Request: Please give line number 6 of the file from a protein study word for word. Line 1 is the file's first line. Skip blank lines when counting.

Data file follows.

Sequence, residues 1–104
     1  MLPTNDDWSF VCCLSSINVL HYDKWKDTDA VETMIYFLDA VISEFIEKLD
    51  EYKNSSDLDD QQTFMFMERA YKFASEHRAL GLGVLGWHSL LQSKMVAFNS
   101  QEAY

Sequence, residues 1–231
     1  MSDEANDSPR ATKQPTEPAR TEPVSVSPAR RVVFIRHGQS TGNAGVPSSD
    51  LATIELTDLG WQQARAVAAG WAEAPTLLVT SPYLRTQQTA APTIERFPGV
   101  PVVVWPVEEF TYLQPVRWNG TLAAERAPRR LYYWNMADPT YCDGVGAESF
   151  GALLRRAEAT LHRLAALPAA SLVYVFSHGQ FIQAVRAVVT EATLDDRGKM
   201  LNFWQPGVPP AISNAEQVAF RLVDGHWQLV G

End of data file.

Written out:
     1  MSDEANDSPR ATKQPTEPAR TEPVSVSPAR RVVFIRHGQS TGNAGVPSSD